Is Head Banging Indicative of Need for Intervention?
As a Board Certified Behavior Analyst (BCBA) and Developmental Therapist (DV), I hear a lot of questions about behavior related to toddlers and whether head banging might be typical or indicative of more intensive behavior interventions. Recently, the topic of head banging, defined as any hitting or repeated connection with the child’s head with an object, body part, or other device to connect with the head, was raised as part of these questions. Head-banging is a form of self-injurious behavior that merits careful behavioral intervention related to the function, or cause, of the behavior.
Are Head Banging Behaviors Normal?
Any head-banging behaviors, whether brief periods (a few seconds) or extended periods (longer than seconds in duration), are not considered part of typical toddler behavior when working with toddlers and are addressed as such. As with starting to address any behavior, it is important to determine why the child might engage in that behavior during that specific time head-banging occurs. This is referred to as the “function” of the behavior. In the simplest forms, there are 5 functions of behavior: Medical, Escape, Attention, Tangible, Sensory, and any combination of these.
First things first, medical functions of head-banging behavior must be ruled out. This will guide treatment and determine if behavioral treatment will be effective or part of an intervention plan. There may be a plethora of reasons a toddler may engage in head-banging behaviors related to medical discomfort or indicating further medical intervention. Two of the most common I see in my practice are related to ear infections or any discomfort related to teething or fever. I always want to rule out any medical causes or discomfort so that I can begin to control the child’s environment and reasons that the behaviors may be happening. In the case of medical functions of head-banging behavior, medicine or changes in diet or routine have been effective to reduce the frequency and/or intensity.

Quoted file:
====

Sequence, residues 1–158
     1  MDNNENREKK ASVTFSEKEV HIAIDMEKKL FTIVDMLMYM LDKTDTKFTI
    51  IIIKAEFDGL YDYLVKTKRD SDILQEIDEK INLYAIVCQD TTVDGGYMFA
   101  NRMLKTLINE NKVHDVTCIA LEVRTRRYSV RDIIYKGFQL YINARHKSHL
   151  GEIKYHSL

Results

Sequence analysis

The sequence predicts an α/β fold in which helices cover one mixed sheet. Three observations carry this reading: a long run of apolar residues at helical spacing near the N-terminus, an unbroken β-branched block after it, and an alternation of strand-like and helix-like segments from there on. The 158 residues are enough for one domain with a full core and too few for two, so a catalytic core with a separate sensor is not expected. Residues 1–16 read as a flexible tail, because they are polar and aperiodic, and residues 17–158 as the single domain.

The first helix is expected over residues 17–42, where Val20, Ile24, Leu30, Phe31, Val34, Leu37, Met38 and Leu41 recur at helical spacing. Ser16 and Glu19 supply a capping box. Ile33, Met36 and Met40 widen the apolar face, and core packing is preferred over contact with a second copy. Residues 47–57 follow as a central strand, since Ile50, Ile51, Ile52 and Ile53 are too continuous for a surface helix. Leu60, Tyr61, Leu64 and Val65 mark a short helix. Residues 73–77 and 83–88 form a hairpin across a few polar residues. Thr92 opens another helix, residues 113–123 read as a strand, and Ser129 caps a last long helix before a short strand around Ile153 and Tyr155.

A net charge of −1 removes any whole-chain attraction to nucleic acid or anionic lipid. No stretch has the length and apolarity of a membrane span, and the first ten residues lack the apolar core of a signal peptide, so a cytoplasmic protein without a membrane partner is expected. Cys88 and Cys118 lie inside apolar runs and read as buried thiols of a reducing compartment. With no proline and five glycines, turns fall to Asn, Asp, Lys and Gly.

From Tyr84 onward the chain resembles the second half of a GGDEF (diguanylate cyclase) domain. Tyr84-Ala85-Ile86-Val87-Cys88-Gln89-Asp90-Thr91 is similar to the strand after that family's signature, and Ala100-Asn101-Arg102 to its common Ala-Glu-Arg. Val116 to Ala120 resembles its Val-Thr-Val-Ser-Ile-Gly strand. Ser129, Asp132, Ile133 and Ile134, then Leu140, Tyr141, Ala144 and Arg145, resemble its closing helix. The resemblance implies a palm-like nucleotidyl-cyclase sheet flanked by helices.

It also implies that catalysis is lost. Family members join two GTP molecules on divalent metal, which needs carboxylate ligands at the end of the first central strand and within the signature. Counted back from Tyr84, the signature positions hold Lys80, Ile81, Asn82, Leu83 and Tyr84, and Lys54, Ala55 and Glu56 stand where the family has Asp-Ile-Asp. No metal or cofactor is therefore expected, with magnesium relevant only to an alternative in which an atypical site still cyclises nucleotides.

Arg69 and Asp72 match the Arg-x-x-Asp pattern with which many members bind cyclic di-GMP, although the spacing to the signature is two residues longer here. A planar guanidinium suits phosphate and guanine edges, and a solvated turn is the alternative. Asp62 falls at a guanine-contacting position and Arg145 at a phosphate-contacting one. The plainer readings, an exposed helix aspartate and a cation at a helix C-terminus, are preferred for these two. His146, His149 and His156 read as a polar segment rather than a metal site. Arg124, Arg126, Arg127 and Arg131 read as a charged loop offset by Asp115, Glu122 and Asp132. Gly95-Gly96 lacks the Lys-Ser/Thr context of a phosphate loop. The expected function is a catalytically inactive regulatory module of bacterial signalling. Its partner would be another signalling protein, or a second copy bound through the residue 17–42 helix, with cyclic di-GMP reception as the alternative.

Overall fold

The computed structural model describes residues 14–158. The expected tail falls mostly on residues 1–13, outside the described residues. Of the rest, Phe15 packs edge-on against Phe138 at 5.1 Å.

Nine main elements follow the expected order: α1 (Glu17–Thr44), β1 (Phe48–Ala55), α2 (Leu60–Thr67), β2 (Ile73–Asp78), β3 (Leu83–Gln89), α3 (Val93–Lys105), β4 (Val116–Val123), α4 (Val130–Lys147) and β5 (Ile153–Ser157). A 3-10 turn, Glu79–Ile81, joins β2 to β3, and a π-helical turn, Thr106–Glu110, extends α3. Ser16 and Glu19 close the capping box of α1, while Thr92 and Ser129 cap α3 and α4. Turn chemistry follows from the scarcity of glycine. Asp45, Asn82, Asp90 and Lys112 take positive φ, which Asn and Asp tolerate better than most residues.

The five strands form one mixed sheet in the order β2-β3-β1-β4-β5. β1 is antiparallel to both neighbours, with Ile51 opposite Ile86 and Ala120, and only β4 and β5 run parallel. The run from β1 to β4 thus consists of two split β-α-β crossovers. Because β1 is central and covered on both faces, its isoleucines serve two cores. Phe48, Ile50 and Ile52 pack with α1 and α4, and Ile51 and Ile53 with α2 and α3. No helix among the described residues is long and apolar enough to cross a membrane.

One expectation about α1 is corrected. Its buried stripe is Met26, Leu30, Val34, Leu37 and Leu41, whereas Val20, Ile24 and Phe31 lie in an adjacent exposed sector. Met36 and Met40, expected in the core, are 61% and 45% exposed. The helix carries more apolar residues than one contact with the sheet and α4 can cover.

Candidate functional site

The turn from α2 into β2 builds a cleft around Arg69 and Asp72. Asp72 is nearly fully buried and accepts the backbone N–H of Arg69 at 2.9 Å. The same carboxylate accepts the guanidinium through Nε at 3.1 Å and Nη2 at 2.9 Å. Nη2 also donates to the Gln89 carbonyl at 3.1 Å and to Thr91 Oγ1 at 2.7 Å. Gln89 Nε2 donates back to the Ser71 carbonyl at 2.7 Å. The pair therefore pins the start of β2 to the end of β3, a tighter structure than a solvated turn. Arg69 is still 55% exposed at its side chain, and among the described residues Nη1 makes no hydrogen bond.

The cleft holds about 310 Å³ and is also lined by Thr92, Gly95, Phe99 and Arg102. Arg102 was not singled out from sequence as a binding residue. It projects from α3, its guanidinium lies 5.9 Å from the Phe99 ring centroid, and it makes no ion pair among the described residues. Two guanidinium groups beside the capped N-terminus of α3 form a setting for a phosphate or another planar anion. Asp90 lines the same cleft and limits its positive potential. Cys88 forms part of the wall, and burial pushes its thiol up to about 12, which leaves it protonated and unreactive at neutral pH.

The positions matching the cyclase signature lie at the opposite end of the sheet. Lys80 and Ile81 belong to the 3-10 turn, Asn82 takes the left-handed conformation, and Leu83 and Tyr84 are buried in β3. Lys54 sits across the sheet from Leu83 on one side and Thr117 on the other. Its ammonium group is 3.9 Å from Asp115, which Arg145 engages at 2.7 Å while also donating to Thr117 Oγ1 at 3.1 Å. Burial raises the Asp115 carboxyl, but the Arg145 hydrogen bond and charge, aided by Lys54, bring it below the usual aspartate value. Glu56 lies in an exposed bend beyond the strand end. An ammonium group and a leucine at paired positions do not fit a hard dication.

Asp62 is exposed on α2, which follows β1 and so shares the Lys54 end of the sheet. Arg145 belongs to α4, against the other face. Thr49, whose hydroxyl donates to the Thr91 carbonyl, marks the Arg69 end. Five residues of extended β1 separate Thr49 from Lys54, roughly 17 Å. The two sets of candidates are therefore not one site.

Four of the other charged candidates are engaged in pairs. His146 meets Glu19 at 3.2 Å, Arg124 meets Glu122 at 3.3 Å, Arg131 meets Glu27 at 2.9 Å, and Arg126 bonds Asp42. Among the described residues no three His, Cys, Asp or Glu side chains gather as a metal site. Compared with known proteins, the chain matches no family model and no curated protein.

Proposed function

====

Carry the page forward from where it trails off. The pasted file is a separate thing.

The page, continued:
After medical causes/function for head-banging is ruled out, other functions are examined. Treatment of head-banging behavior, or other forms of self-injurious behaviors, involve careful analysis of the functions for the behaviors. A BCBA, or other trained therapist, might administer a Functional Analysis (FA), Functional Assessment, or simply respond immediately to the behavior. Data collection can help to determine whether intervention may increase or decrease the behaviors, leading to a correlation with a function for the behavior. For head-banging, since it is self-injurious behavior, it would not be ethical to implement interventions to provoke or increase frequency or intensity. This is why careful intervention is important for success in decreasing the behavior and risk for further injury.
Interventions for head-banging behaviors range from simple intervention procedures to carefully implemented and complex behavior plans. Response-blocking, or simply physically preventing the head-banging from occurring, can be implemented across settings and individuals. Different methods such as padding surfaces, helmet-wearing, soft mittens on the individual’s hands, or managing any environmental cues for the head-banging are helpful when you can determine specific times or circumstances/functions for the behavior. Depending on the individual’s age and development, more complex interventions or combinations of interventions may be implemented.
If you continue to be concerned with head-banging, or other forms of self-injurious behaviors, please contact a physician, your child’s pediatrician, a licensed psychologist or psychiatrist, or a BCBA to begin addressing the behaviors and work together to create an intervention plan that works for you!
Stephanie Saikaly MEd, BCBA, Autism Specialization